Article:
“The payment models that are being used by and large are actually making things worse rather than better in most cases,” he elaborated. “They are very problematic for patients in many cases because they create incentives to reduce spending without appropriate quality protections built into them. They are forcing many small practices and hospitals out of business.”
Physicians have been skeptical about accountable care organizations (ACOs), bundled payments, and other popular APMs. A 2018 survey of over 3,400 physicians found that many doctors (41 percent) feel value-based care and reimbursement will have a negative impact on patient care as a whole and many more (61 percent) feel the APMs will have a negative impact on their bottom lines.
Another survey published in NEJM Catalyst that same year also found that only about half of clinicians believe the alternative payment method will take off.
There is data to support their skepticism. A recent report from the non-profit Catalyst for Payment Reform showed that APMs in the commercial sector only realized small care quality improvements. Additionally, hospital readmission rates – one of the most popular care quality metrics used in APMs – barely improved under the value-based arrangements.
CMS has also expressed concerns about one of its largest APM demonstrations. According to the federal agency, the Medicare Shared Savings Program, which currently governs 517 accountable care organizations (ACOs), has actually increased Medicare spending.
“We’ve learned in the last few years that it’s not enough just to pay a healthcare provider fee-for-service and give them a little bonus or a penalty for doing something we think we’d like them to do, like buy an electronic record system or report on a quality measure,” McClellan said.
Pay-for-performance, shared savings, and other similar APMs are a good place to start, but the models are not enough for “sustainable, effective support for truly better care models that can improve outcomes and lower costs significantly,” he added.
CMS and other major payers have started to recognize that APMs built on fee-for-service are not leading to the results they had hoped for a decade ago, and these stakeholders are refining their value-based care strategies to hold providers more accountable for outcomes as result.
Is financial risk the answer to APM progress?
“After six years of experience, the time has come to put real ‘accountability’ in accountable care organizations,” CMS Administrator Seema Verma said in 2018 after announcing the agency’s plan to revamp the Medicare Shared Savings Program.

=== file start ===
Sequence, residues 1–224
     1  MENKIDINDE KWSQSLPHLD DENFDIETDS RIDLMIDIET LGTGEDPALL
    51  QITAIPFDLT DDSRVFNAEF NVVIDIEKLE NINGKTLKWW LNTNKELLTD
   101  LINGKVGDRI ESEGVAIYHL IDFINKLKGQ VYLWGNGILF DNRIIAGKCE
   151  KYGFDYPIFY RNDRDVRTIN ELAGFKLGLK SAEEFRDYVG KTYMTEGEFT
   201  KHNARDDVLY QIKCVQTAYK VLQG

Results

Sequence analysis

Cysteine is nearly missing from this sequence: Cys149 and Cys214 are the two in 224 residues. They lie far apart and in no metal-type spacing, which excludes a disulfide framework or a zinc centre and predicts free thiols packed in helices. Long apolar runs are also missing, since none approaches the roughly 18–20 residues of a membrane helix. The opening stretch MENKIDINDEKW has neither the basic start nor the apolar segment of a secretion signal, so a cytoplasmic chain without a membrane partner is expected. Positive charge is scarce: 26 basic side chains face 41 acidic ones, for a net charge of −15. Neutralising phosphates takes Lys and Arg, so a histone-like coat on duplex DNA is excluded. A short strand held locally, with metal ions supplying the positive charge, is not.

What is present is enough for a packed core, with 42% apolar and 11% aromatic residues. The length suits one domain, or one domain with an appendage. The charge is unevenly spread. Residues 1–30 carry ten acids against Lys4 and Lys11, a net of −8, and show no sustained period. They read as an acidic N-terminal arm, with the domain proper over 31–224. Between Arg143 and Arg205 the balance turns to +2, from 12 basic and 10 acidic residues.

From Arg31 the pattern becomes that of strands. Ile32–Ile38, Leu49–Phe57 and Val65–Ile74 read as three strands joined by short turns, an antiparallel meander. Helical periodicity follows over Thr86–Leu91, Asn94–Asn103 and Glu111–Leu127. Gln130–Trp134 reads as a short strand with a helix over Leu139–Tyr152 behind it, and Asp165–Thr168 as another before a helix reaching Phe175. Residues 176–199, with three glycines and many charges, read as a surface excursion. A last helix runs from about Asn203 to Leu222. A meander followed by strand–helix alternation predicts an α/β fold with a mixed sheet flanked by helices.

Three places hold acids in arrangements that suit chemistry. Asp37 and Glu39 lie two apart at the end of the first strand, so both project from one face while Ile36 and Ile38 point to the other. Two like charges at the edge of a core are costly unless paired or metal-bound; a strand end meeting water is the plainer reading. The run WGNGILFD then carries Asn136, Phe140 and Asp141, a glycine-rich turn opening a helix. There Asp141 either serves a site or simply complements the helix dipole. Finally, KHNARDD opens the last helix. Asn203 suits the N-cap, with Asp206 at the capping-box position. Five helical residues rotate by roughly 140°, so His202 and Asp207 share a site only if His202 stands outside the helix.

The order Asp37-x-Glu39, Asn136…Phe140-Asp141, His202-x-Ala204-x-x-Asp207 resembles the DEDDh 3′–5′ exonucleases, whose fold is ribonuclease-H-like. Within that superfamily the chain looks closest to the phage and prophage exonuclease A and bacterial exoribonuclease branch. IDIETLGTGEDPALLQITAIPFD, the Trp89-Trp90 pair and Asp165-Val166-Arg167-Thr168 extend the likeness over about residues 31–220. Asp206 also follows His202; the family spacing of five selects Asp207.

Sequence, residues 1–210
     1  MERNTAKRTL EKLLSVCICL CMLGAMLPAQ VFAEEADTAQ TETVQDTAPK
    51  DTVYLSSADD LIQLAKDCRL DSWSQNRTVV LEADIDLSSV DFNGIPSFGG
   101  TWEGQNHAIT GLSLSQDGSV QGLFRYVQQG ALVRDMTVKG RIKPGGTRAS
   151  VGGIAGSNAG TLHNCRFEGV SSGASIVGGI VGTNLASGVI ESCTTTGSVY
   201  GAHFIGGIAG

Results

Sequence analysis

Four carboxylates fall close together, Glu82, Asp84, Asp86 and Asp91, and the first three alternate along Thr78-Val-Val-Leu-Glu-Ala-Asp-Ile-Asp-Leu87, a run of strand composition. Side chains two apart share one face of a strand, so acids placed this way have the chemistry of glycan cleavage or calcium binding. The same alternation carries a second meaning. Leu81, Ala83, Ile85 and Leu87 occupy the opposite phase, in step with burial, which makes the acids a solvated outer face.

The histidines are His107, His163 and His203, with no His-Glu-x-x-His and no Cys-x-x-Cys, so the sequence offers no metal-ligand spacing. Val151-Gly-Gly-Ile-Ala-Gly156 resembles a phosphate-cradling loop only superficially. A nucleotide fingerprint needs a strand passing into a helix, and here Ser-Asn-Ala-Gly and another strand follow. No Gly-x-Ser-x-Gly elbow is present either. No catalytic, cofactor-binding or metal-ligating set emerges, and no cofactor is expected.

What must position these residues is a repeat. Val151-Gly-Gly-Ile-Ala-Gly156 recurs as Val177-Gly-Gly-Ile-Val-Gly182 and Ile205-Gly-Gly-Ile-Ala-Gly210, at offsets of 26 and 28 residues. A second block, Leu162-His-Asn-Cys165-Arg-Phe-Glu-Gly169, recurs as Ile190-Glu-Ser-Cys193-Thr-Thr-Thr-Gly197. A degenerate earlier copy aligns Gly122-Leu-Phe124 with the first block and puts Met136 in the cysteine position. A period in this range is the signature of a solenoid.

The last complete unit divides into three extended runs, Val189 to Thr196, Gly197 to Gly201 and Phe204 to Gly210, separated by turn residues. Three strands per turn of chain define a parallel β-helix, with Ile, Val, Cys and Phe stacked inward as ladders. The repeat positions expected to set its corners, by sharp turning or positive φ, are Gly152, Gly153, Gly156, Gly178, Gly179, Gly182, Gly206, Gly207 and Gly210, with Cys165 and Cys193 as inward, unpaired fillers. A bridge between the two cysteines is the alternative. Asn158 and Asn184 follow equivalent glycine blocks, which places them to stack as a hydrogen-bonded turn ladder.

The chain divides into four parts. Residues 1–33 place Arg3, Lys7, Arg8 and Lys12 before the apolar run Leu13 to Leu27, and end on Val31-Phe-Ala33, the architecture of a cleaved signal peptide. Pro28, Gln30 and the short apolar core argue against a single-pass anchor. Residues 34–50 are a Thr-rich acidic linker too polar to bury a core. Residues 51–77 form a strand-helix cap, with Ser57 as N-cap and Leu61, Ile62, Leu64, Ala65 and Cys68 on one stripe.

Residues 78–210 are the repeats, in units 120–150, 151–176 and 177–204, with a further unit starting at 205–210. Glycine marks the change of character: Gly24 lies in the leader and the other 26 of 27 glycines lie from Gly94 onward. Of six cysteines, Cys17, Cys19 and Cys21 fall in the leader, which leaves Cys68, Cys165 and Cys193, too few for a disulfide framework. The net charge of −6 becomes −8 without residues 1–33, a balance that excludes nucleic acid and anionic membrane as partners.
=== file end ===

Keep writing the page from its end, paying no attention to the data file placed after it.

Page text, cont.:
What she meant by accountability was downside financial risk. In risk-based APMs, providers are accountable not only for the savings they achieve through the model, but also financial losses. If providers in APMs with downside financial risk exceed their spending benchmarks, they must repay a portion or all of the losses to the payer.
CMS sees financial risk as the future of value-based care, according to Dreyer. The agency believes that holding providers financially accountable for losses will result in more meaningful changes and outcomes.
However, downside financial risk may not be the key to unlocking value-based care success in APMs, industry experts contended.
“The notion that somehow if you push financial risk onto physicians or hospitals, you are going to get better quality care or lower cost is just wrong. It is an insurer view of things,” Miller said. The main issue with risk is that current APMs put providers at risk for outcomes they cannot control, he explained.
Miller pointed to APMs for oncology care as a prime example.
“The biggest cost of cancer care is drugs and one of the places where you’ve seen the fastest increases in drug prices has been in oncology drugs,” he said. “It doesn’t do anything to promote better care to try to put physicians at risk for that. What we have seen is small oncology practices going out of business because they can’t afford to actually treat their patients and the payment models don’t solve that.”
Focusing the future of value-based care on risk-based APMs could also alienate many providers from the transition away from fee-for-service, Dreyer added.
“There’s a risk of leaving behind organizations that are newer on the value-based care journey,” she said. “The new models are focused explicitly on organizations that already have experience and if you don’t already have this experience, it’ll become harder and harder to enter into the market.
If risk-based APMs are not the appropriate next step for the value-based care transition, then what is? According to McClellan, the answer lies in episode- or population-based payments.
Source: Revcycle Intelligence